On February 7, 2008, Joseph Broce, assistant treasurer of Ashland Corp., authorized Oppenheimer Co. to buy $15 million worth of auction-rate securities (ARS) on Ashland’s behalf. The money was from a 2005 asset sale that netted the chemical company more than $1 billion in cash. Ashland wanted to keep the money close at hand as it trolled for an acquisition in the specialty chemical space.
Six days later, Goldman Sachs put a serious crimp in Ashland’s plans. The investment bank discontinued the practice of propping up auction-rate debt that it underwrote, refusing to buy inventory in any auction when investor bids were insufficient. A day later, other broker-dealers — Lehman Brothers, Citigroup, Merrill Lynch, and UBS among them — followed suit. Eighty percent of the auctions held on February 13 failed, offering a glimpse of the chaos that would erupt on Wall Street seven months later.
Although auction-rate securities have received scant media attention since then, they have not returned to health. In fact, the market for them remains decidedly frozen. Ashland was stuck with a total of $194 million of the illiquid securities, and its real losses so far total $32 million. The company is far from alone. The collapse of the asset-backed securities (ABS) market left many finance departments embarrassed and enraged. Collectively, nonfinancial public companies have $24 billion (par value) worth of ARS on their books, according to Pluris Valuation Advisors. (No CFO responded to our requests for an interview. For a list of corporations with large holdings, see “Hard to Hold,” below.)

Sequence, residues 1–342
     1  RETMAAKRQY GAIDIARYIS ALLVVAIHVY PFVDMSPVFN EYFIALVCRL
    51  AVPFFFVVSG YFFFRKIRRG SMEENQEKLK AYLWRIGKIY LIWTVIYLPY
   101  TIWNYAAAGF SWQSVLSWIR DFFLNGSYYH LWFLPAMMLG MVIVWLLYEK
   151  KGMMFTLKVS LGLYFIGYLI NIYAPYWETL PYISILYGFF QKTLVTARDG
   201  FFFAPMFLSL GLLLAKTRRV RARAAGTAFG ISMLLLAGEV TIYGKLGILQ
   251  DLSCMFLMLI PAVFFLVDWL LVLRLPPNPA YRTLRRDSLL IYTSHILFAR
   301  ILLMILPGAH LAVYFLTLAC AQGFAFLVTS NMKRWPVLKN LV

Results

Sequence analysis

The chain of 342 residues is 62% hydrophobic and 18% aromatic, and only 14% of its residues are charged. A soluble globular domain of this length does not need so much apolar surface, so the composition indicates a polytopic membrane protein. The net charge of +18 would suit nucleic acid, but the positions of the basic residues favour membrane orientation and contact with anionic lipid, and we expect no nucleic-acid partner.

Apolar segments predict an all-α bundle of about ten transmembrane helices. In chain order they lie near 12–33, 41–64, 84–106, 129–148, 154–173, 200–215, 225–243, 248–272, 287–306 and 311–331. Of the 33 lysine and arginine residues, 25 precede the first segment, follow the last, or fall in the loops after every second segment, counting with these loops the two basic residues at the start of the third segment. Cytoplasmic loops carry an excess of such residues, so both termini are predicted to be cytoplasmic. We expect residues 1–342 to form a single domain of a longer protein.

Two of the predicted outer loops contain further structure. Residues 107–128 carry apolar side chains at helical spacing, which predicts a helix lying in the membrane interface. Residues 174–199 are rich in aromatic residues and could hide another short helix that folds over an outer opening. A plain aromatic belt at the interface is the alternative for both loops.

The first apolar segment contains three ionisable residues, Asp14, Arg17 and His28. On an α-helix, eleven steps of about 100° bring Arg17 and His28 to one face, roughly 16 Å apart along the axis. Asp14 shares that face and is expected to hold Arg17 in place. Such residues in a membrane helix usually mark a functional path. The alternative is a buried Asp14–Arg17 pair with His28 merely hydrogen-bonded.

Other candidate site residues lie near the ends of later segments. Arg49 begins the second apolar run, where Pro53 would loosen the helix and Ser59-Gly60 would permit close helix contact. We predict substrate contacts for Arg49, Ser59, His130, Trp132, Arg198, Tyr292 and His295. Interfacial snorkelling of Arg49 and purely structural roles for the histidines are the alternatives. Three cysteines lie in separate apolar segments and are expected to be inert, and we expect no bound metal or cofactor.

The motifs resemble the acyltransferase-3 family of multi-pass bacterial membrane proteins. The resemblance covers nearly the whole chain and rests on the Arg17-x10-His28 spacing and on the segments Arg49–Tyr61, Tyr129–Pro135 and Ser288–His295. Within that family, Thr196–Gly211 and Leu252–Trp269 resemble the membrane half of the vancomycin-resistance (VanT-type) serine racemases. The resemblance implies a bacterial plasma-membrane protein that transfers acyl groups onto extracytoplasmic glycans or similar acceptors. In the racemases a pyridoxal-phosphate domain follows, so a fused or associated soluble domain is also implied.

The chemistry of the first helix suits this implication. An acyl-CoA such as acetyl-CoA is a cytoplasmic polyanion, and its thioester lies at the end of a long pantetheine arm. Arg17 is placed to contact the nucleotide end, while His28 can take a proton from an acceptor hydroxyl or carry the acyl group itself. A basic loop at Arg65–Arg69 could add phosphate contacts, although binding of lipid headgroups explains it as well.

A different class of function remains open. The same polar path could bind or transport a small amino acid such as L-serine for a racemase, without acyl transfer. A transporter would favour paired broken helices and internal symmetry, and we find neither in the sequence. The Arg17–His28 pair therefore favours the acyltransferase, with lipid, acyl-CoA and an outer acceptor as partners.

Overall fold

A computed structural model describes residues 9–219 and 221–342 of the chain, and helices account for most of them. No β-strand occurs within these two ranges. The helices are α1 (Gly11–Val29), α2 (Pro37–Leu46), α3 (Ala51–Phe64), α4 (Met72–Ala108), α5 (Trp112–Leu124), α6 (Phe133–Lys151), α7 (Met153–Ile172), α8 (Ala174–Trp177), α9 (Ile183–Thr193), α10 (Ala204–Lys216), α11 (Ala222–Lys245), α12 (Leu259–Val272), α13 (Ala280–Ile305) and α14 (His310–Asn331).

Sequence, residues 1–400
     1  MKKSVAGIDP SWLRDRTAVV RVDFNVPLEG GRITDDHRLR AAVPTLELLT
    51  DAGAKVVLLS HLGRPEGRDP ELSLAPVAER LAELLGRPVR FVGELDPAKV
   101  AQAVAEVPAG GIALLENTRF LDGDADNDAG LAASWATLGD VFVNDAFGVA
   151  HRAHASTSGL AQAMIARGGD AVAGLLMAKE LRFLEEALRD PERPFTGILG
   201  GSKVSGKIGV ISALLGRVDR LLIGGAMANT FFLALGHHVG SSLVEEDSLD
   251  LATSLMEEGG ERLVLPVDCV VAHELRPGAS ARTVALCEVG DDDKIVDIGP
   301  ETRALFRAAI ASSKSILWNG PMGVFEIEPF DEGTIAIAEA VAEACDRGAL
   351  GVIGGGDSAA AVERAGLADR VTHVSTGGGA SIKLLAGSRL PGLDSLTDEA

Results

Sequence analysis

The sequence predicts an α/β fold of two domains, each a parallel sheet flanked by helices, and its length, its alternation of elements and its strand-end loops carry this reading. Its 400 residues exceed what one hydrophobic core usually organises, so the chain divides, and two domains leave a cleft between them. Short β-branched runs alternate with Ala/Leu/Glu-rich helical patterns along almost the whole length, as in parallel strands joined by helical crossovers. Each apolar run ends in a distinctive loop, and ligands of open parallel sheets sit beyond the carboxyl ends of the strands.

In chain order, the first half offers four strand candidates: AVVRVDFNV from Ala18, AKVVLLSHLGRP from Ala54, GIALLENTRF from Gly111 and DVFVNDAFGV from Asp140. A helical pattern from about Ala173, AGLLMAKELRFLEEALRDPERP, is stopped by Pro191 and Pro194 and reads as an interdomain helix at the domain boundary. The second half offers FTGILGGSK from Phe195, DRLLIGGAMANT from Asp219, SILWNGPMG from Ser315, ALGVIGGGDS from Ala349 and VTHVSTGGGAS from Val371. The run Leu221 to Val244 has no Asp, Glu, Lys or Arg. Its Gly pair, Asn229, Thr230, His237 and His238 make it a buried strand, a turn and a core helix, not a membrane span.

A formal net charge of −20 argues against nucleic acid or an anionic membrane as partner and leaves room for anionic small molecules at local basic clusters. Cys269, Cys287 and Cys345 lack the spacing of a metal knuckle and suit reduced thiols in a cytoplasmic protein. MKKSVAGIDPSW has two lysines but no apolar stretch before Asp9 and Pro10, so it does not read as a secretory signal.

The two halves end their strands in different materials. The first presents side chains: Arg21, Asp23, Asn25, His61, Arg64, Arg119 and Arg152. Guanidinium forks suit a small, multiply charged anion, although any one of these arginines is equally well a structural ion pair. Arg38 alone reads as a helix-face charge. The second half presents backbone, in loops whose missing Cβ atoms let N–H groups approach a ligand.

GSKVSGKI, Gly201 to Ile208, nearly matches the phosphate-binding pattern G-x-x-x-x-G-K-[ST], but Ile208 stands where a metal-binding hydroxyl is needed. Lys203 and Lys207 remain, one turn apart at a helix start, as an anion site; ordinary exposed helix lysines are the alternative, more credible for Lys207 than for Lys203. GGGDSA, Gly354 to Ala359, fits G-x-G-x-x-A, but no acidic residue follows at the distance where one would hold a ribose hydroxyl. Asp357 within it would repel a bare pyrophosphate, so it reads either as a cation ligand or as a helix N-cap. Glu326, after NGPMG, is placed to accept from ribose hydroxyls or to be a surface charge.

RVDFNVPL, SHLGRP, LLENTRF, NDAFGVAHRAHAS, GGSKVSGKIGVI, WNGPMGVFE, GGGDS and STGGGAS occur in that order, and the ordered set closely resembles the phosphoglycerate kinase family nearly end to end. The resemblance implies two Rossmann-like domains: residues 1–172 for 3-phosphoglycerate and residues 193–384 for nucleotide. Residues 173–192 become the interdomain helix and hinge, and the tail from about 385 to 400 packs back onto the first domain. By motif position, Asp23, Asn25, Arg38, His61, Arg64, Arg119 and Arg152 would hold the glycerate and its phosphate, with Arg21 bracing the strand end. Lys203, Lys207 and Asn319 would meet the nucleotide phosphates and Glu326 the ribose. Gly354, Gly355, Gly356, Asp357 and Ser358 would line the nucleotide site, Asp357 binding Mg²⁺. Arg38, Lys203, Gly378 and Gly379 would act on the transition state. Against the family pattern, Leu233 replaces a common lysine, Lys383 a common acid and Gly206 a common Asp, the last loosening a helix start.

The ABS debacle has spurred lawsuits (Ashland, for one, is suing Oppenheimer), Securities and Exchange Commission investigations, and scathing accusations by state attorneys general that broker-dealers hid market risks from investors. It has also raised the question of whether treasury departments should have avoided the market’s fall, and whether they will avoid repeating their mistakes with other investments.
Auction-rate securities are long-term bonds and preferred stocks that resemble short-term instruments because their interest rates are reset periodically — usually every 7, 28, or 35 days — by a modified Dutch auction process. Because investors could (at least in theory) sell or buy the securities at short intervals, ARS were long regarded as cash equivalents. Investors also thought their principal was safe, because ARS were backed by government-guaranteed student loans and municipalities and wore a triple-A credit rating. Few auctions had failed since the securities debuted in 1984.
“This was a no-brainer type of investment — you buy it, it pays every week, you roll it over,” says Jeff Wallace, managing partner of Greenwich Treasury Advisors. “No one ever thought, ‘What would happen if liquidity were to go away?’”
But when the subprime-mortgage crisis weakened the credit stance of bond insurers like Ambac and MBIA, concerns arose about the credit quality of ARS with insurance “wrappers.” Banks then started having balance-sheet problems of their own and stopped acting as bidders of last resort — a practice that had been, as it turned out, more common than investors thought. Suddenly, companies couldn’t liquidate positions. The first auction failure occurred in early September 2007, according to a Purdue University study. In December 2007, 21 auctions failed; in January 2008, 158 failed; and in the first week of February 2008, 104 did so.